Thursday 10 September 2015

Dark Albion Review Part 1

I am in two minds about Dark Albion and I can’t quite figure out why. I think I will do my usual steal random bits for Nocte thing, but before that I want to do a more traditional review.

Dark Albion is a pseudo-historical setting based on England during the War of the Roses. Notable pieces of pseudo-ness include replacing the Catholic Church with The Church of the Unconquered Sun(TCotUS) and replacing the French with actual frogmen. Both of these substitutions are easily reversible, thus making the setting almost wholly historical, but I question the inclusion of one of these elements at all.

While the frogmen are a hilarious adversary as surrogate Frenchmen, replacing the historical church seems to me to be just avoiding conflict with modern Christians. If the Church of the Unconquered Sun could bring more depth and interest, or even an interesting spin on the historical church then it might be a warranted change. I find no such thing in Dark Albion and so I must conclude the author did not want to incorporate fantasy constructs such as clerics into the historical church to avoid any controversy that might result.

I might be being a bit harsh with that criticism. The brief history of TCotUS does a good job explaining clerics and the miracles they perform, and since TCotUS is so similar to the Catholic Church, it is still possible to use all the interesting historical details of the Church almost directly. The author even takes pains to point out that the history of the church can be brought across almost entirely intact.

Despite the weighty 280 pages, the book only manages to skim the 30 years of the era and this makes it feel incomplete. Luckily, since the era of the book is a popular one in film and fiction, there is a wealth of extra setting material available so I can’t really criticise the book too much on that score. Dark Albion focuses on the start of the period, instead of a more piecemeal approach, which helps somewhat, but I feel it could have done with more focus. Instead of including information about the various continental powers, The 14 pages used could have been put to better use. Especially useful would be some more examples on how to use the extensive list of NPCs to get PCs involved in the Rose Wars. Some advice is given in this regard, but a lot more would be welcome.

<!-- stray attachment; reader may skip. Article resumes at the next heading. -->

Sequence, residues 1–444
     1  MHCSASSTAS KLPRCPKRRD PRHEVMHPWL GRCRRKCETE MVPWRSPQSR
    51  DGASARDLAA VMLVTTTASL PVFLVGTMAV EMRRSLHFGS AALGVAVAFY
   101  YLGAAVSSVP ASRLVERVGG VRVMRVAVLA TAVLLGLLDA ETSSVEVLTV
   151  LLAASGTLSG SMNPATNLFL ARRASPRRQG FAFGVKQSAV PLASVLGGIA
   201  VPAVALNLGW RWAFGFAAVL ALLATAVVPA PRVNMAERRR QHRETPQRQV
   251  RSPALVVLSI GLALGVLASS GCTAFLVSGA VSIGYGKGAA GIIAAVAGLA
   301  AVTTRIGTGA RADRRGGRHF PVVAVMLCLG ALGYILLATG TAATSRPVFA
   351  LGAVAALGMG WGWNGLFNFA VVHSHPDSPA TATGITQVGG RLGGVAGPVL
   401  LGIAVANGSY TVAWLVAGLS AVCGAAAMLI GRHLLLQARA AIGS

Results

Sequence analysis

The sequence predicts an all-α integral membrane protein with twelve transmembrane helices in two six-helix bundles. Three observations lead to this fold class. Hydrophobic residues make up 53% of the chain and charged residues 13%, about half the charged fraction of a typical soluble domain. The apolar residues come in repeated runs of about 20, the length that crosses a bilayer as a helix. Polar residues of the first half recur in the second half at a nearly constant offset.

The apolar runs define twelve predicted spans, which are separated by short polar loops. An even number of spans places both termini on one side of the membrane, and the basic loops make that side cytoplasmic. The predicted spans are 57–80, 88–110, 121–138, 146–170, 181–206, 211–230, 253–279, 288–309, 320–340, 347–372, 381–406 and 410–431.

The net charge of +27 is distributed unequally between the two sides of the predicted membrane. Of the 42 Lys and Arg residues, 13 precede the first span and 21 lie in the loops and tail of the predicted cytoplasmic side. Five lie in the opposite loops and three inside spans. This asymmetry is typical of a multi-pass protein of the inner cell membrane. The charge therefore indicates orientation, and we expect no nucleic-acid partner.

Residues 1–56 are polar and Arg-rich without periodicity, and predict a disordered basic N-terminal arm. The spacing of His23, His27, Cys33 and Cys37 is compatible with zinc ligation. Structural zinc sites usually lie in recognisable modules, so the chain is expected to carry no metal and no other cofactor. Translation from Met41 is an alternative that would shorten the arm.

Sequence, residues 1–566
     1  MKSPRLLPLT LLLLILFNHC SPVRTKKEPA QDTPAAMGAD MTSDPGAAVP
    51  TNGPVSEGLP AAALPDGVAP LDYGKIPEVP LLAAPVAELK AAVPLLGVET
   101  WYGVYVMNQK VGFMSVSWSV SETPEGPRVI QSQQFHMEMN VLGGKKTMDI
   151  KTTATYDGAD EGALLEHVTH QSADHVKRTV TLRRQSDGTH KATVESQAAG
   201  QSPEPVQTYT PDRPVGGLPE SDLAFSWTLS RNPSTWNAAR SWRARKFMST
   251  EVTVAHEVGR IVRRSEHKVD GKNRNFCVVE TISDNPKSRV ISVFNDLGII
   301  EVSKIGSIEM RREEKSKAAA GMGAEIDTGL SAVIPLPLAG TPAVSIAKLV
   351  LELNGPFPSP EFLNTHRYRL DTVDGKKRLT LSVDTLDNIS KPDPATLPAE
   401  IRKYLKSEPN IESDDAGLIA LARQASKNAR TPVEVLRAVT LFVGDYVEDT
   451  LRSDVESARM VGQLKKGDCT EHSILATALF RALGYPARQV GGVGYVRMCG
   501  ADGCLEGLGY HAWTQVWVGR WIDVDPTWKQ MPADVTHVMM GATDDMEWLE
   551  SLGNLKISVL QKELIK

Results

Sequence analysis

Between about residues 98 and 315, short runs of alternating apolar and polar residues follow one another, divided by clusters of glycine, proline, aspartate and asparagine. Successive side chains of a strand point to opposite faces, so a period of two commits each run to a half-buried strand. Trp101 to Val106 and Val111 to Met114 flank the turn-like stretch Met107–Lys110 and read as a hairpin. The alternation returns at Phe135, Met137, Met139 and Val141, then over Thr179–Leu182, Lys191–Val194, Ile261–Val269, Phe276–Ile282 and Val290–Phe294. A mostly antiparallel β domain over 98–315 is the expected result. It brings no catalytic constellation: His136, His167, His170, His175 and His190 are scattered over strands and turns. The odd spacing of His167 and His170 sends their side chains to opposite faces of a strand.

So that’s the negatives and writing about them above, they seem to loom large. On the whole though, I really enjoyed Dark Albion. It takes on an era that is undeserved by RPGs, it is well written and I really like the artwork. Others have criticised the use of royalty free images, but the volume and quality of the art is not to be understated. The number of interesting and detailed NPCs that can and should interact with one another in a relatively small geographic area is possibly unparalleled in a RPG. Should you buy this book then? Certainly. Other people have done a better job extolling Dark Albion’s virtues, so I will leave that to them, but I did want to get my reservations about the book off my chest without being too negative about it.

On a side note, you will probably have noticed that I have not posted in a very long time. For a while I was focusing on other writing, then I have some good excuses about moving countries etc. Normal service should resume soon, starting with some random inspiration from the pages of Dark Albion.


  1. the cults book is better and usable to more settings

    1. Ah, good. I never actually got around to buying the cults book, even though the subject matter is right up my alley.


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